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It’s about not wanting people to vote

Why take us back to the 1950s when we can go all the way back to the 1850s?


Should voters be able choose their U.S. senators?

Ask Lt. Gov. David Dewhurst or Sen. Dan Patrick and the answer is a resounding “No.”

The two Republicans – both vying for the lieutenant governor seat – recently voiced support to strip voters of the ability to elect U.S. senators and hand over that power back to state lawmakers. It would require repealing the 17th Amendment, which for the last 100 years has provided for the direct election of senators by voters.

Dewhurst and Patrick this month said a repeal is warranted to temper the federal government’s influence and because senators in Washington are out of touch with their state legislatures.

Even though there is no realistic chance of Congress taking action to repeal the power of the people to elect senators, the topic has become somewhat of a litmus test for tea party supporters the last couple years; a number of Republicans across the country – including Gov. Rick Perry and Sen. Ted Cruz – have endorsed the notion.

The repeal rhetoric has seeped into an already heated lieutenant governor’s campaign, where all four candidates are dueling to win over the most conservative part of the state’s Republican base.

“If you look at the lieutenant governor’s race, this fits perfectly into the narrative because it’s been all about the drive to win the most conservative members of the Republican primary electorate,” said Mark Jones, a Rice University political science professor. “The 17th Amendment reform has been a rallying point in the tea party movement for the past few years, but it’s pure symbolic politics because there is no possibility whatsoever we’re going to repeal the 17th Amendment.”

The U.S. Constitution originally sought to buttress state power by allowing legislatures to pick senators. The idea gave way to a culture of corruption, with allegations of special interests bribing lawmakers for senate appointments.

Ratified in 1913, the 17th Amendment was tailored to end backroom deals and cronyism.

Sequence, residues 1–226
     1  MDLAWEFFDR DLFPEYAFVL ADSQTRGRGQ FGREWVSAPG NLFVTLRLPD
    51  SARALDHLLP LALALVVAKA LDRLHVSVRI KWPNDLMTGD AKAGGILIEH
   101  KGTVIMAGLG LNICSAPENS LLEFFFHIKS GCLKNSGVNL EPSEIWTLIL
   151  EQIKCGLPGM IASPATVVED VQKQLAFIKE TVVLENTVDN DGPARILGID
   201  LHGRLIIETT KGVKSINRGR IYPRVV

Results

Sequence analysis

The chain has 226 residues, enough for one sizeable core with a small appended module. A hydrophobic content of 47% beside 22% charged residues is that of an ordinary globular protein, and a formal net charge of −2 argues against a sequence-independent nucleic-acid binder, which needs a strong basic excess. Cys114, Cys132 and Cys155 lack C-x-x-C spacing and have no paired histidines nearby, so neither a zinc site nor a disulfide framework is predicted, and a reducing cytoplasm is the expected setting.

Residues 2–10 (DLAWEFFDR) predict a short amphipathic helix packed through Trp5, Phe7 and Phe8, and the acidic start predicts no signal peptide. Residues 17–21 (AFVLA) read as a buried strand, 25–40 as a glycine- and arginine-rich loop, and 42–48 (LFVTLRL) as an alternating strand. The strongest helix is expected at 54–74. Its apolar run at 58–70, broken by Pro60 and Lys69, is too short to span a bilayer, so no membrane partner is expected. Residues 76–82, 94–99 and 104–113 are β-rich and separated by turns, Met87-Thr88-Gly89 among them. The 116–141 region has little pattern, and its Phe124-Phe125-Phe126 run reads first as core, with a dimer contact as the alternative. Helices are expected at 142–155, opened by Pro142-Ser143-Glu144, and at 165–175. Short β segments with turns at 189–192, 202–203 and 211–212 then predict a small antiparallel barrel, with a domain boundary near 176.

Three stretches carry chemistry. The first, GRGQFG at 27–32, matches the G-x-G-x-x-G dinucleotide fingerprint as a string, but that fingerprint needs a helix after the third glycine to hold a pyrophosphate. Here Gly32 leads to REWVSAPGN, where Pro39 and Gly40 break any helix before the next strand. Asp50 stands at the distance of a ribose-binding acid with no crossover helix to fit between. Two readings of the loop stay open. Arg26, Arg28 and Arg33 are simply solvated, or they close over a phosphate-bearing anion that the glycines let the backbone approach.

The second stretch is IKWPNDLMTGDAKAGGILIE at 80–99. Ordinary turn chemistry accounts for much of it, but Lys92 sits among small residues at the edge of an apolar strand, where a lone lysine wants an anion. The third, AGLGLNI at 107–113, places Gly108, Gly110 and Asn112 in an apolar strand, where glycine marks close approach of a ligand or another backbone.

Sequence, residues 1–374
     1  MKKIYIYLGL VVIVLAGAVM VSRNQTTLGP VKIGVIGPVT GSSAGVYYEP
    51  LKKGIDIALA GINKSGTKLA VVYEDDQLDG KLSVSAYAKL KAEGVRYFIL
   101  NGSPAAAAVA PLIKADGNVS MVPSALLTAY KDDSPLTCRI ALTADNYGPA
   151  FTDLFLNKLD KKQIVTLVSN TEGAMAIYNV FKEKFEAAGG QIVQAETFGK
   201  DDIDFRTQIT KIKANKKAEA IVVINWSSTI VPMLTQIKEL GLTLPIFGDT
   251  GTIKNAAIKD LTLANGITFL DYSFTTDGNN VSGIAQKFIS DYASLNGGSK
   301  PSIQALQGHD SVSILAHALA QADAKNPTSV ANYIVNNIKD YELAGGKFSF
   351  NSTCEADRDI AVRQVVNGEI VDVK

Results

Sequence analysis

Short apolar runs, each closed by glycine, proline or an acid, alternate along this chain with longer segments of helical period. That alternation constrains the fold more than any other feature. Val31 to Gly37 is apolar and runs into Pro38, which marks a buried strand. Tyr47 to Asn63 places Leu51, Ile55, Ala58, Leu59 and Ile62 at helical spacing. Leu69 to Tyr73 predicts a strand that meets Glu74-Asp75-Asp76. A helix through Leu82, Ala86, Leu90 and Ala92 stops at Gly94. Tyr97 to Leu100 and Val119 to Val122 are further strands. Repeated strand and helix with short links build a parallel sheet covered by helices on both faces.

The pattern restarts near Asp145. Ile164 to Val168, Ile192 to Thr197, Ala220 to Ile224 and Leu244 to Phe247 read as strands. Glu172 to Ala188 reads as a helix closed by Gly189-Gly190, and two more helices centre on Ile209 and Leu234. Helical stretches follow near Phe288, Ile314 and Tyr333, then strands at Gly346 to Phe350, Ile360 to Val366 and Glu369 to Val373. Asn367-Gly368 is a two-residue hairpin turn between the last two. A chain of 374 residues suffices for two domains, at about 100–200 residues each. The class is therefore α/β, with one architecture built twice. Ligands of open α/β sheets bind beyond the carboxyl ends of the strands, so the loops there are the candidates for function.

There’s so much irony here it’s almost hard to know where to begin. Besides being anti-(small d) democratic, putting this power in the hands of a state legislature would make it a complete exercise in insiderism. The Tea Party claims to be grassroots-driven; this would be the antithesis of that. And let’s be clear, as the story notes, if this had existed in Texas in 2012, our junior Senator would be one David Dewhurst. I get why he supports this, but why Cruz does is a bit less clear. At least, it’s unclear until you realize that it’s all of a piece with the efforts to restrict voting, via voter ID and more stringent voter registration laws and smaller windows for early voting and whatever else they haven’t thought up yet. They don’t want people to vote – most of them, anyway – so they work to prevent them from voting. The fact that the 17th Amendment isn’t going anywhere shouldn’t obscure the fact that Dan Patrick and David Dewhurst support this scaling-back of democracy. The one consolation is that people seem to be able to see through it. I just hope they remember that next November.

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  1. Ross says:

    I don’t think the desire to repeal the 17th stems from any real push to eliminate voting by certain groups, but is driven more by some view of Congress somehow being more pure with appointed Senators. I’m not sure why anyone would have that view, unless they’ve never actually read about the antics of Congress in the 19th Century.

  2. me says:

    That’s the justification sold to independents, a contrivance of the Republican outer party (the base), not the origin of the strategy which will come from the inner party (the “leadership”).

  3. John B says:

    Yes, the Senate is not aligned with state legislatures. Senators are elected by all the people, with no gerrymandering possible. The legislatures are rigged, just like the House of Representatives is rigged. (Total votes for HoR was Democratic majority, but because the Republicans largely drew the district lines – they got the vast majority of the representatives.)

    But the fix is to align the legislatures and the House with the people, not to mis-align the Senate.